While the community was able to virtually meet the three original Oak Park village manager finalists, Kevin Jackson’s late arrival prevented him from participating in a public forum. Now that his appointment to the post is expected to be approved by the village board Feb. 22, after Wednesday Journal’s print deadline, Jackson is excited to introduce himself.
A father of three daughters and the husband of a public-school teacher, Jackson said he was drawn to Oak Park for its family-oriented nature and its status as a multicultural community. That diversity will soon be reflected in the upper echelons of village administration as Jackson will be the first Black person to take up the mantle of village manager.
“It’s really exciting and amazing to be part of a historic milestone for the community,” he said. “Not many of us across the country are at this level, managing cities.”
Jackson said the achievement is likewise significant for him, as it is the first time in his long career that he will be in the top leadership post of a municipality. Becoming Oak Park’s highest-ranking administrative official is also momentous to Jackson for more personal reasons.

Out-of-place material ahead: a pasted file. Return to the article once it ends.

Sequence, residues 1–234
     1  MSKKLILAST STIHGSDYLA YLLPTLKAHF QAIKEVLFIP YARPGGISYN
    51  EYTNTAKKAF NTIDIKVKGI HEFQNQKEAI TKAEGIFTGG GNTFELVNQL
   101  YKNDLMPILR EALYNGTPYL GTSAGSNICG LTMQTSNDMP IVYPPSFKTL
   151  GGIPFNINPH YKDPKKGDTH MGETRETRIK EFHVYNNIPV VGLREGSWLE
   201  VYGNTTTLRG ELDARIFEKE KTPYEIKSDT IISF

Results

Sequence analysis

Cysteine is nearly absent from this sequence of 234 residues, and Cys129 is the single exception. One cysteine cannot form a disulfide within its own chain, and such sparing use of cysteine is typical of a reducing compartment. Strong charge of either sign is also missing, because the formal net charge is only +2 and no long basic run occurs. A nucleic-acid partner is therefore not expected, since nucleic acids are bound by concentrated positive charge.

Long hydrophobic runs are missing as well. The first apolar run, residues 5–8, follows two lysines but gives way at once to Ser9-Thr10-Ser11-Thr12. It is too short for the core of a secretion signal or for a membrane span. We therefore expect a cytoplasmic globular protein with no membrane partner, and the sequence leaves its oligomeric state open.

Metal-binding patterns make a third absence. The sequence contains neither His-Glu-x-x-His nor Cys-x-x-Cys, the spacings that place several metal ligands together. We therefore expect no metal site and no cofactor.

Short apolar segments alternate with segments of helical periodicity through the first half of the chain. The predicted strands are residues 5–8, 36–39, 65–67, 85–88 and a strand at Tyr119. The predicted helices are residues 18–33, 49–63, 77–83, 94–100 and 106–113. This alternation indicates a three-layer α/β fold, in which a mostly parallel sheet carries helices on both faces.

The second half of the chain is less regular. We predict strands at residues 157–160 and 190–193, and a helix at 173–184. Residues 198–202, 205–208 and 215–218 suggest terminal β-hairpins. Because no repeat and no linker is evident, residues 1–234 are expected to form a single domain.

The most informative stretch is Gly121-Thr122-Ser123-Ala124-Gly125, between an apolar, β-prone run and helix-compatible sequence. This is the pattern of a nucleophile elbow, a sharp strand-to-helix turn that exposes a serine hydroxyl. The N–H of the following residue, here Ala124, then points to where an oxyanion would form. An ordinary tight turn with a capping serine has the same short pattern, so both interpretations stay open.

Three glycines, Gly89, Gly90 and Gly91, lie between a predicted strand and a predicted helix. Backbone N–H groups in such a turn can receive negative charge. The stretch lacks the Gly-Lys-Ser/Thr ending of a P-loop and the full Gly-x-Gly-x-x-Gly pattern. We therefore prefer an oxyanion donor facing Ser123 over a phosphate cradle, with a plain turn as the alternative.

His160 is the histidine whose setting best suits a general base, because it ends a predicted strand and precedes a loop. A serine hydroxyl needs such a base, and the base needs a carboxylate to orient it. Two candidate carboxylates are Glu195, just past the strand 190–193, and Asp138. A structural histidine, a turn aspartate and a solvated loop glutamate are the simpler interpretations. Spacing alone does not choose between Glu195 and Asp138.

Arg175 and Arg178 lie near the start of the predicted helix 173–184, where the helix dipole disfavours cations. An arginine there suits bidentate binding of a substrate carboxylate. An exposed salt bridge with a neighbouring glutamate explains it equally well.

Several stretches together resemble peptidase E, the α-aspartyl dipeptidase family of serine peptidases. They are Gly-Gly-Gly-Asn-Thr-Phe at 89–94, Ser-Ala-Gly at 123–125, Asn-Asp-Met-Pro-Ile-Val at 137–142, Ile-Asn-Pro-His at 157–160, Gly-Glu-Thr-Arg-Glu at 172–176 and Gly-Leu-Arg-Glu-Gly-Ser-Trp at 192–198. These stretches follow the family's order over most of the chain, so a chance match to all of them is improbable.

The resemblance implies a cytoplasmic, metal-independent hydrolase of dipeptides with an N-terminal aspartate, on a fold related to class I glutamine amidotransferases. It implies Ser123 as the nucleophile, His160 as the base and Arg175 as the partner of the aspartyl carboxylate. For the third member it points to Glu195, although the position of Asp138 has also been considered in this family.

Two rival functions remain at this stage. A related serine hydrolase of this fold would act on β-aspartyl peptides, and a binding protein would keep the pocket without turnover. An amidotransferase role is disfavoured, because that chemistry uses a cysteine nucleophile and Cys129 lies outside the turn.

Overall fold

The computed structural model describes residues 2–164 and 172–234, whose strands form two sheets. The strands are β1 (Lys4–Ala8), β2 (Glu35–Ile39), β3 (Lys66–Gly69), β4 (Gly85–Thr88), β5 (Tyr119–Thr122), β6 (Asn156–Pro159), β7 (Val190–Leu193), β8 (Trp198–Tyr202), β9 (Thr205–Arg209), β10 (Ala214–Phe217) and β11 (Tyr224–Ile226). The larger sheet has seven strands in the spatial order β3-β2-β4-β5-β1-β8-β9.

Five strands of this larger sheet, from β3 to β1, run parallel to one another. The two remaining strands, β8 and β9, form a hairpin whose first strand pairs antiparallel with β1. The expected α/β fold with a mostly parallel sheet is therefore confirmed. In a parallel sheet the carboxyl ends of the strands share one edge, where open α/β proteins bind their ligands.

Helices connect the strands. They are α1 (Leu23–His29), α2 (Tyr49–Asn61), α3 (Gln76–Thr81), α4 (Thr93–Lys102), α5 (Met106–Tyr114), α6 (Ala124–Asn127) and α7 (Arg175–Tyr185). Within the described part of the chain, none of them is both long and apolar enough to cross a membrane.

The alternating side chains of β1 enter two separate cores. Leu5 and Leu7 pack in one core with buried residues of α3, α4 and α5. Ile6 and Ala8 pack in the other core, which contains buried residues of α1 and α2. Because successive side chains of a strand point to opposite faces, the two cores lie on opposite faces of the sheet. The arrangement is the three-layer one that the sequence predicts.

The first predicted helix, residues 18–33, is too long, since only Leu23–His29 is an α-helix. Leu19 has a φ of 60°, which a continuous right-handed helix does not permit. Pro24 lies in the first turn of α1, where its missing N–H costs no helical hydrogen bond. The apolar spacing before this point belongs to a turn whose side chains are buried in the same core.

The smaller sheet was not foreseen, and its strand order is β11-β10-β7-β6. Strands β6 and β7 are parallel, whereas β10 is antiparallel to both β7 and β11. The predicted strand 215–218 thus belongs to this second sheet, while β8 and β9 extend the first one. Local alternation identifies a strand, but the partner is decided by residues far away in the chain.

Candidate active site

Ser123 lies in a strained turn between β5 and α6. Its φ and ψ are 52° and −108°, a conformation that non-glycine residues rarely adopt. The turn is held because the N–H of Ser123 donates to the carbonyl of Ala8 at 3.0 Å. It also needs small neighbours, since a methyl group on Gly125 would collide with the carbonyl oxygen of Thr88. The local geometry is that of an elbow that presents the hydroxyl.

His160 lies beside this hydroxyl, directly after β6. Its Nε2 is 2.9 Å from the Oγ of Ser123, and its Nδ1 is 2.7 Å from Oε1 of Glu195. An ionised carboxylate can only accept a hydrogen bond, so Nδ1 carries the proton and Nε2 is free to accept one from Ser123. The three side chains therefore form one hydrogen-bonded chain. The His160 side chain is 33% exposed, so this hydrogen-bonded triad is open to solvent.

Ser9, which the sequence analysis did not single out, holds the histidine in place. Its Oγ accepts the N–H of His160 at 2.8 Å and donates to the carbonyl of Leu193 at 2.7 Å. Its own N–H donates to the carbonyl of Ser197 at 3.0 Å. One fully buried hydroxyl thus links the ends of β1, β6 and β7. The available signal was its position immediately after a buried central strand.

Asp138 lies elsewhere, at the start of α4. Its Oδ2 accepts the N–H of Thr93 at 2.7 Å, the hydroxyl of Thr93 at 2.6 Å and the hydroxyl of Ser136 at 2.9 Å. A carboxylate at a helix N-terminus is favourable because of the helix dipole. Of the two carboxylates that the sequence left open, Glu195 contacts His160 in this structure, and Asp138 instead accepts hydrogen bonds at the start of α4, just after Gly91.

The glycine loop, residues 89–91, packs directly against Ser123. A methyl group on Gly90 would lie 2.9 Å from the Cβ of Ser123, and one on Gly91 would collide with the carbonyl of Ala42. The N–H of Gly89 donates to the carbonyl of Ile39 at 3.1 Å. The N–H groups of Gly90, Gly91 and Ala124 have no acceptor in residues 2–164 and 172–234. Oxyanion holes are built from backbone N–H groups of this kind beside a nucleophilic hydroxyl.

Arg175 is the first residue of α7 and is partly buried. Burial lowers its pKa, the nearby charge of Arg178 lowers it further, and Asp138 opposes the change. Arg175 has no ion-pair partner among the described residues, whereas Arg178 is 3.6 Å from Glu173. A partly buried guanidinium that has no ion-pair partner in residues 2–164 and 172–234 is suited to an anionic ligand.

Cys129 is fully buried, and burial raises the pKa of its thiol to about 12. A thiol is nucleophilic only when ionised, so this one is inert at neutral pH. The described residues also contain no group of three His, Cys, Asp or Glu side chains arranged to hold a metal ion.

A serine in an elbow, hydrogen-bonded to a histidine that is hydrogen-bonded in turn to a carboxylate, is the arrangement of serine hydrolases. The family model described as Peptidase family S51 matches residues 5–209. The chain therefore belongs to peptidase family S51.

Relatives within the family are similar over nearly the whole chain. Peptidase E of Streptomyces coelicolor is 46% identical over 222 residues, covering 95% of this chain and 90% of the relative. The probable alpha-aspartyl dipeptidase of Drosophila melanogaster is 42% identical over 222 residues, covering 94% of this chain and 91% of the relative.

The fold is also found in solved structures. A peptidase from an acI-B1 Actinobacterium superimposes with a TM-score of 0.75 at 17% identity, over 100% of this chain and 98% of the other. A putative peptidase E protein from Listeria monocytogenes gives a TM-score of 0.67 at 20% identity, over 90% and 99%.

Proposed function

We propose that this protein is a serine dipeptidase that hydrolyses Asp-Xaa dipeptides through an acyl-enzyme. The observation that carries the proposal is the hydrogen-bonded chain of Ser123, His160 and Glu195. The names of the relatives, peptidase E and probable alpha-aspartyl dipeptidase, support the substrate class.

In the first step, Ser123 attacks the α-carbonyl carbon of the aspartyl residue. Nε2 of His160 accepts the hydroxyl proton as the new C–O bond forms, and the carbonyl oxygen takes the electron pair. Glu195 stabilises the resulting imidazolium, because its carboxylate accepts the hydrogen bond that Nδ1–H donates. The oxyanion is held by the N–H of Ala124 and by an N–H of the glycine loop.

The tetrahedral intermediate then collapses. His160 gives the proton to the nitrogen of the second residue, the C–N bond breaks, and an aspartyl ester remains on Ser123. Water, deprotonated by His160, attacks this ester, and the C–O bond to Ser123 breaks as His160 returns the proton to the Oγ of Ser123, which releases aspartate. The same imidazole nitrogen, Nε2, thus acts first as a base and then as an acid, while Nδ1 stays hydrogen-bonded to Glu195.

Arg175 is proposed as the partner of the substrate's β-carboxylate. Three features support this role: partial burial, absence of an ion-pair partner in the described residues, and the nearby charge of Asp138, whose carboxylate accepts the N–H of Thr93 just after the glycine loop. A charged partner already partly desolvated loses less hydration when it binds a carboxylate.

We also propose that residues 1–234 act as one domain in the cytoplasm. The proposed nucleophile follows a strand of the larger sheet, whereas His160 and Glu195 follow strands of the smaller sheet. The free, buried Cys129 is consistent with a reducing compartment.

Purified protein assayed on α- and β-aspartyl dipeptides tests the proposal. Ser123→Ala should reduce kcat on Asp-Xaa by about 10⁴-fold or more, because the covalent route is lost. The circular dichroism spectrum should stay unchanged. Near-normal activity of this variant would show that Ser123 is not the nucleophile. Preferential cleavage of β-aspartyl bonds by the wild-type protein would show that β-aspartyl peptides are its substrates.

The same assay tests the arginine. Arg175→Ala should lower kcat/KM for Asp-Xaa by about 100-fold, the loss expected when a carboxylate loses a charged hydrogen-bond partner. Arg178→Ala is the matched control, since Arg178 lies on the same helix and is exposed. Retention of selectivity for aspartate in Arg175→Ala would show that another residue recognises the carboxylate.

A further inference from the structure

“I grew up very poor in a single-parent household. It’s a very unique moment for me, just given my upbringing,” he said. “It’s actually pretty magical.”
Before becoming a government official, Jackson earned a bachelor’s degree in psychology and sociology and a master’s in public administration both from Arizona State University. His career in government began in 1997 when he served as a project management assistant for the city of Phoenix. In 2002, he left Phoenix for its neighbor, the city of Glendale, where he worked as the neighborhood partnership administrator. Jackson then went on to spend nine years in Central Illinois as the city of Champaign’s neighborhood services director before becoming deputy city manager in Long Beach, California – his most recent post.